Thursday’s session was as bipolar as it gets for the S&P 500.
In a very disappointing fashion, the index turned respectable opening gains into fresh multi-month lows by lunchtime. That’s not the price action you expect from a healthy market. But just when all hope was lost, or more specifically, because all hope was lost, supply dried up and prices bounced decisively into the close, finishing near the intraday highs.
As bad as the morning looked, the afternoon’s rebound was doubly impressive. Remember, it’s not how we start, but how we finish that matters most. What very easily could have triggered another big wave of selling reversed course in a beautiful capitulation bottom.
This was the trading signal we’ve been waiting for and hopefully you didn’t miss it.
As I’ve been writing for a while, I don’t believe this latest pullback from the highs is the start of something more insidious. Stocks go up and stocks go down, that’s what they do. And no one should be surprised when stocks pull back from multi-month highs and consolidate those gains. This is very normal and healthy behavior.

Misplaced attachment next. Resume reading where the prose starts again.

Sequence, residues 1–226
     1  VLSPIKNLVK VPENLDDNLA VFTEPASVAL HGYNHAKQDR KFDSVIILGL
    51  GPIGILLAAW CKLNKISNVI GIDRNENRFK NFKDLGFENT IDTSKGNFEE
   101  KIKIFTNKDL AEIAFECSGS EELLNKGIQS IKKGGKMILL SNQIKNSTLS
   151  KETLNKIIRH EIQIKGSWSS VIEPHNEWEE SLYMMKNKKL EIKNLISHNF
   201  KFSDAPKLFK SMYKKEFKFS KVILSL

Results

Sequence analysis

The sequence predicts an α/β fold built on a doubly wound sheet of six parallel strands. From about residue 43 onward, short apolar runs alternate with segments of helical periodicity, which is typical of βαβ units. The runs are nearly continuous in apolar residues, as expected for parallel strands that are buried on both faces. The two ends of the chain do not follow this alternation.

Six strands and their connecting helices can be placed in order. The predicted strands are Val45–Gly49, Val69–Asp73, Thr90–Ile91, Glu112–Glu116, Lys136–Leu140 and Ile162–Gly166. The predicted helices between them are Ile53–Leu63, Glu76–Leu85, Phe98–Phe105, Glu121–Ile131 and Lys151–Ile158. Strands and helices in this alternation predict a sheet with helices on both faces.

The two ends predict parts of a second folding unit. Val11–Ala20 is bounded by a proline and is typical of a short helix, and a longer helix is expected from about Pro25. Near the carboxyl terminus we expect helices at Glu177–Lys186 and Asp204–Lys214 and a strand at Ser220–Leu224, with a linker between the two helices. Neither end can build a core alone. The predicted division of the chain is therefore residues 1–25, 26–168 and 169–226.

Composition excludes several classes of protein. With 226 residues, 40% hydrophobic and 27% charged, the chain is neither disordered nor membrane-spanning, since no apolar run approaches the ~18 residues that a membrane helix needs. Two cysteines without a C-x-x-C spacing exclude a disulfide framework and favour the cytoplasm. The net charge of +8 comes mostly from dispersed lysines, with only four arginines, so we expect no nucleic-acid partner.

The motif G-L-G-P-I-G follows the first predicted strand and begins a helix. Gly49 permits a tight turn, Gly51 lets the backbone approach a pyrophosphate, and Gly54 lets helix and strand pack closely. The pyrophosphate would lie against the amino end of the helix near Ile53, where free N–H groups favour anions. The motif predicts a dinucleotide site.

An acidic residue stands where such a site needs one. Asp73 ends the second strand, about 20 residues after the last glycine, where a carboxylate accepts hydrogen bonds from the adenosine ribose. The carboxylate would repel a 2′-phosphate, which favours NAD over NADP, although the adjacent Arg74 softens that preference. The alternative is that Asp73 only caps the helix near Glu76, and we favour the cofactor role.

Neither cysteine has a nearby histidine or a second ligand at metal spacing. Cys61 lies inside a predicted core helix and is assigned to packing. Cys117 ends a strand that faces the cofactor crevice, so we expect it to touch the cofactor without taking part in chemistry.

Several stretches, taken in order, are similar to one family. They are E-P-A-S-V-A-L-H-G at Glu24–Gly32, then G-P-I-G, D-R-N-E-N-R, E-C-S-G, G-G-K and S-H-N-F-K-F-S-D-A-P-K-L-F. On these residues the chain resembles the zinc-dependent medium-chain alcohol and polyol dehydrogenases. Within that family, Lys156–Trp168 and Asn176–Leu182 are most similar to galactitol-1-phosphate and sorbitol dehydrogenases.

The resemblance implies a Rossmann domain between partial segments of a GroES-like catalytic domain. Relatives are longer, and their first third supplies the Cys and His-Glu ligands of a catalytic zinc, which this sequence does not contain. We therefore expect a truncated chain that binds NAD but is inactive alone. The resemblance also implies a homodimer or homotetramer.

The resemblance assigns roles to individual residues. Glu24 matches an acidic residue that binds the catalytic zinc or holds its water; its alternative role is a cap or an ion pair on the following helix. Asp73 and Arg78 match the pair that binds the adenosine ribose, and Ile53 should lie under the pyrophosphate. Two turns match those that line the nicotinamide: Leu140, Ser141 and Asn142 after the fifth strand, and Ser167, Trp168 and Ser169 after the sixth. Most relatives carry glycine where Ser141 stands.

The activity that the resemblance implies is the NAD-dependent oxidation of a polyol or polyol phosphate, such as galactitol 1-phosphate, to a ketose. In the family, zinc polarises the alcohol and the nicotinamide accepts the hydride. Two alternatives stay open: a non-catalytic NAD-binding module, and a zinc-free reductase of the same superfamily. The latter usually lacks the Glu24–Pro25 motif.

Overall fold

But no one claimed traders have to be rational. Give the market a few down days and all of a sudden everyone is predicting the next big crash. Sure, the market failed to bounce at 4,100 support and even undercut 4k, but that is par for the course for a market that rallied four hundred points in little more than a month. Two steps forward, one step back. Everyone knows that’s how this game works, yet they always forget that simple truth in the heat of battle.
I really liked Thursday afternoon’s bounce. This was the bounce I was looking for and I bought it with open arms. Without a doubt, the selling could return Friday, but my stops near Thursday’s midday lows will keep me safe. And if I get dumped out, that’s okay too. I move to the sidelines and wait for the next buying opportunity, something that could arrive as soon as Friday afternoon.
Everyone wants stocks to pull back so they can buy more, but every time the market gods answer their prayers, most of these people are too scared to buy. Don’t be the average trader. Have a trading plan and stick to it. The hardest trades to make often turn into our biggest winners.
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Jani Ziedins (pronounced Ya-nee) is a full-time investor and financial analyst that has successfully traded stocks and options for nearly three decades. He has an undergraduate engineering degree from the Colorado School of Mines and two graduate business degrees from the University of Colorado Denver. His prior professional experience includes engineering at Fortune 500 companies, small business consulting, and managing investment real estate. He is now fortunate enough to trade full-time from home, affording him the luxury of spending extra time with his wife and two children.